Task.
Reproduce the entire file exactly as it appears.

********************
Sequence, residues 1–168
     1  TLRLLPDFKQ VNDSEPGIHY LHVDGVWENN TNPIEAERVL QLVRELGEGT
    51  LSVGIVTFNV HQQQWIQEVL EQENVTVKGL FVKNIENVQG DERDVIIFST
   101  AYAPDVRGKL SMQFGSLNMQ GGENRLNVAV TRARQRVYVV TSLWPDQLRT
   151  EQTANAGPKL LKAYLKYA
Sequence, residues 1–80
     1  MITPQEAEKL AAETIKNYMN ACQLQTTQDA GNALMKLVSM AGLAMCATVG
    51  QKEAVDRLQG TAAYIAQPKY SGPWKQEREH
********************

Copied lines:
Sequence, residues 1–168
     1  TLRLLPDFKQ VNDSEPGIHY LHVDGVWENN TNPIEAERVL QLVRELGEGT
    51  LSVGIVTFNV HQQQWIQEVL EQENVTVKGL FVKNIENVQG DERDVIIFST
   101  AYAPDVRGKL SMQFGSLNMQ GGENRLNVAV TRARQRVYVV TSLWPDQLRT
   151  EQTANAGPKL LKAYLKYA
Sequence, residues 1–80
     1  MITPQEAEKL AAETIKNYMN ACQLQTTQDA GNALMKLVSM AGLAMCATVG
    51  QKEAVDRLQG TAAYIAQPKY SGPWKQEREH